From the Library: Pianoforte Performance

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by Elrik Merlin on Saturday, 5 March, 2011

On this day in 1853, Henry Engelhard Steinway, a German immigrant to New York, founded his new company, Steinway & Sons, in a loft on Varick Street in Manhattan, to make pianos of the finest quality. Henry and his sons went on to build possibly the best-known name in pianoforte craft in the world.

Henry had built 482 pianos by hand in his native Germany. Number 483, the first made by the new company, was sold to a New York family for the princely sum of $500.

Over the next three decades, Steinway’s company essentially developed the modern piano, introducing 127 patents and dramatically improving the design of the instrument. Steinway’s musical innovations were both an art and a science: the 19th century was a time of scientific discovery, not least the birth of the science of acoustics.

In 1866, the company opened the Steinway Hall, a 2000-seater auditorium and home for the New York Philharmonic. By this time, the company had moved to new premises in Astoria, Queens, and built the Steinway Village, which located all the materials and craftspeople required to build Steinway pianos together in one place.

In recognition of the Steinway anniversary, today’s programme features piano music and piano composers, including a wide range of material, primarily but not exclusively in a classical vein. As usual there will be a few surprises — music of Erik Satie performed by chamber orchestra and solo Moog synthesiser, for example, and a collection of classical pieces interpreted by David Rees-Williams — and a few special treats, like the original piano version of Mussorgsky’s Pictures At An Exhibition,  but throughout the day you’ll be treated to some wonderful music for the pianoforte. And if you’d like to read more about the history of Steinway, here’s the History page of their web site.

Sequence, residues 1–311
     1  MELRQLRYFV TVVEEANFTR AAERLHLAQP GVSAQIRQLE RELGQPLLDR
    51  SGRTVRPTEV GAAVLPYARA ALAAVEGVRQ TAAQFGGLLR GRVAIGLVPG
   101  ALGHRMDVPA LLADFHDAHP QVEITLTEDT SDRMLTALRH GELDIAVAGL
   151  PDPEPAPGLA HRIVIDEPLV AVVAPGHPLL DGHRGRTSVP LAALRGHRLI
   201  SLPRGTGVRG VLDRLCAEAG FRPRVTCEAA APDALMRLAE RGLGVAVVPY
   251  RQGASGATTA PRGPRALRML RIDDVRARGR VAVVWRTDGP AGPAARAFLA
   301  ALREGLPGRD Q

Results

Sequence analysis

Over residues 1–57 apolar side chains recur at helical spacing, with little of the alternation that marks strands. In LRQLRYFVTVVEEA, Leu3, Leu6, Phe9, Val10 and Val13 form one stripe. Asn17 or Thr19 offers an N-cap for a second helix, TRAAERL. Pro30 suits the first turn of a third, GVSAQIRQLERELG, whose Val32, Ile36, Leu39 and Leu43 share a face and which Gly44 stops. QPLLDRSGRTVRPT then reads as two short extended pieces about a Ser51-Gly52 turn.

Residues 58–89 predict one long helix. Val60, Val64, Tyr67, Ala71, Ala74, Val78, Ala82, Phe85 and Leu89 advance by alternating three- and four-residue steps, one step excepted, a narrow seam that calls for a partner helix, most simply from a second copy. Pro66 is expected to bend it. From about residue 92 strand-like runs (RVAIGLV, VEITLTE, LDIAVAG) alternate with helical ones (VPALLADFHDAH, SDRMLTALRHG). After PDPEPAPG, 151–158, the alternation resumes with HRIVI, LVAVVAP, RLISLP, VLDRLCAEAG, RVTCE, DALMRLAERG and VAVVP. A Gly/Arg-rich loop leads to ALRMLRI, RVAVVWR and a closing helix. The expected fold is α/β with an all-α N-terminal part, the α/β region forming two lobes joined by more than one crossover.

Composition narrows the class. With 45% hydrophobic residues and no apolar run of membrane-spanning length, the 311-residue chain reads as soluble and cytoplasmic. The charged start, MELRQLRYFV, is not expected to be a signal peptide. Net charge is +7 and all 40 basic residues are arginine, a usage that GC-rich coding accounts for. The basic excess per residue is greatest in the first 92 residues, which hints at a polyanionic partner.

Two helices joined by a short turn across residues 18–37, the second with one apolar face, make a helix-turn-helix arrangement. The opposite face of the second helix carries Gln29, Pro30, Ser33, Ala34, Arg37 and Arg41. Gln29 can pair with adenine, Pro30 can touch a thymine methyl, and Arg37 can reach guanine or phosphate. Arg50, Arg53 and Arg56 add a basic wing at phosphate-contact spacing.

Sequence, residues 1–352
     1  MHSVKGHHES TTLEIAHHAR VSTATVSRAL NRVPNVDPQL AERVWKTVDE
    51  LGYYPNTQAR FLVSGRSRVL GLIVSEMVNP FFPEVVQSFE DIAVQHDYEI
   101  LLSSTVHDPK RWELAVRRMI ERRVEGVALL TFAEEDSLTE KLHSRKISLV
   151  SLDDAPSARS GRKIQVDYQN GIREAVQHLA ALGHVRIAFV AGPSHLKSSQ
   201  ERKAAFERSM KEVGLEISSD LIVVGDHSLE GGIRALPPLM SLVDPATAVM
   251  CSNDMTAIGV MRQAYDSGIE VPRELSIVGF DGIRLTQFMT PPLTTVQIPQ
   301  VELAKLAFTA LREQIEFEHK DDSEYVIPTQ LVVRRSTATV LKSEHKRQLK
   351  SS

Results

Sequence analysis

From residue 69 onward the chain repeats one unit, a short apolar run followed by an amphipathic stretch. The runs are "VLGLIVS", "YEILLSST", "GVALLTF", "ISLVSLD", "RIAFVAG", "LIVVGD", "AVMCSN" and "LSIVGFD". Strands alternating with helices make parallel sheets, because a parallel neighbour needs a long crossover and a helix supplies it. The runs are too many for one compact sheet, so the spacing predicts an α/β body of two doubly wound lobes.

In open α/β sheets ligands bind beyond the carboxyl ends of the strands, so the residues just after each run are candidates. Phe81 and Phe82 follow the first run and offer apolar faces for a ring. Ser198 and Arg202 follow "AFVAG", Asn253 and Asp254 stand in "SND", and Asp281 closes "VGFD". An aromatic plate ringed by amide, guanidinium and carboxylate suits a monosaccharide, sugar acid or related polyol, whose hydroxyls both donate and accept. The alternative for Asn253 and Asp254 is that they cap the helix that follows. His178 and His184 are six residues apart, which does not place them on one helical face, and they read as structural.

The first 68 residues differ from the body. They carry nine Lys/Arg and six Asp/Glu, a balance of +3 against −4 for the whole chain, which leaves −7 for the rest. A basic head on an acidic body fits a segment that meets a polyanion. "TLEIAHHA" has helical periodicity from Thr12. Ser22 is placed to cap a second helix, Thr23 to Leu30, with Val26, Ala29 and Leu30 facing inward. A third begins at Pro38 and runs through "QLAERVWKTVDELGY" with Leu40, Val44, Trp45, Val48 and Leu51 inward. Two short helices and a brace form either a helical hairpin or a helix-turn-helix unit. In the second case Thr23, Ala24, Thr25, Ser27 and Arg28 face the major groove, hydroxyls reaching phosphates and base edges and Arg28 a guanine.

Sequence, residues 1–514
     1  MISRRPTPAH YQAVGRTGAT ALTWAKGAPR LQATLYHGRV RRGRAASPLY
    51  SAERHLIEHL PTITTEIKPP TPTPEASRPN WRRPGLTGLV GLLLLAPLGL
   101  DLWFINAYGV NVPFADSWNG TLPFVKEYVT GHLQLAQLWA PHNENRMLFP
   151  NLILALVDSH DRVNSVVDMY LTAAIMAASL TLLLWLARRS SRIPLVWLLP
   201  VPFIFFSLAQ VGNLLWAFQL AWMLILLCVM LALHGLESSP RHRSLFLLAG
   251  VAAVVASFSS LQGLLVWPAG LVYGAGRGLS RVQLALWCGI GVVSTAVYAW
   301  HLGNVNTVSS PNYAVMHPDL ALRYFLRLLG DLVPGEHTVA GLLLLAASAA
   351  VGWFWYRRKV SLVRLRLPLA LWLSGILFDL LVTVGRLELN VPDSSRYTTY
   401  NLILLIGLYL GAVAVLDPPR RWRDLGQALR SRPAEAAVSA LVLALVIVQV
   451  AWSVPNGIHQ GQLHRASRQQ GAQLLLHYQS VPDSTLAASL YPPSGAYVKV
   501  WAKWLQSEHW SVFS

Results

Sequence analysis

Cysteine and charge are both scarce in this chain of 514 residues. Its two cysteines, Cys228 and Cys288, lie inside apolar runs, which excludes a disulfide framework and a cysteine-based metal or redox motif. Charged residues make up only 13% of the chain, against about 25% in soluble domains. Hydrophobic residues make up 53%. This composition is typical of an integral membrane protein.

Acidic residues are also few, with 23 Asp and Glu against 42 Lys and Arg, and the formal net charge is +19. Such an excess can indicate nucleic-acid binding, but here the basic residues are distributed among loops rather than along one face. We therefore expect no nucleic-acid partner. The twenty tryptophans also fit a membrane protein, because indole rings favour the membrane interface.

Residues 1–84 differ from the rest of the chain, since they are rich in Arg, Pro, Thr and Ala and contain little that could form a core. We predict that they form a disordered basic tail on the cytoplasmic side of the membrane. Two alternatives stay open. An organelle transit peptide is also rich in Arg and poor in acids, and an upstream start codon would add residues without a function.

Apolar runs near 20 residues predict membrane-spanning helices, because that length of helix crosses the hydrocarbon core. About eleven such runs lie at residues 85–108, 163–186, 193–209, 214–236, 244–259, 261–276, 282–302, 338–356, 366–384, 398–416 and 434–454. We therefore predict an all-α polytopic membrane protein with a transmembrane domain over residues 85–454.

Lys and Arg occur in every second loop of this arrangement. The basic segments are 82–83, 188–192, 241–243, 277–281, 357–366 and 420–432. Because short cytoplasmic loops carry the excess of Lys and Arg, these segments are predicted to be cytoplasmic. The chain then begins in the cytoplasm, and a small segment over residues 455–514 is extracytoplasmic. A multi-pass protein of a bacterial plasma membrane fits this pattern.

The ZBS Radio Hour

Then join us at 11am and 7pm Pacific Time, that’s 19:00 and 03:00 GMT, for two exciting adventures from our friends at ZBS Foundation in the ZBS Radio Hour. At the top of the hour, Jack Flanders returns to where it all began — his aunt’s mysterious Victorian mansion where all manner of strange goings-on unfurled and he discovered many other worlds both within and without, over 35 years ago, in Return to Inverness. Then at the bottom of the hour it’s Ruby the Galactic Gumshoe, in Ruby 5.

Today’s programme is presented by Elrik Merlin and produced by Radio Riel in conjunction with our friends at the Alexandrian Free Library Consortium of Second Life. You can listen to the programme in-world now at, or simply click here to start your player, if your browser is configured to do so. Listeners in the United States are encouraged to tune in using this link:

For more information on the Alexandrian Free Library, current exhibits and the work of Consortium members in general, please visit the Alexandrian Free Library website, or one of their branches in-world.


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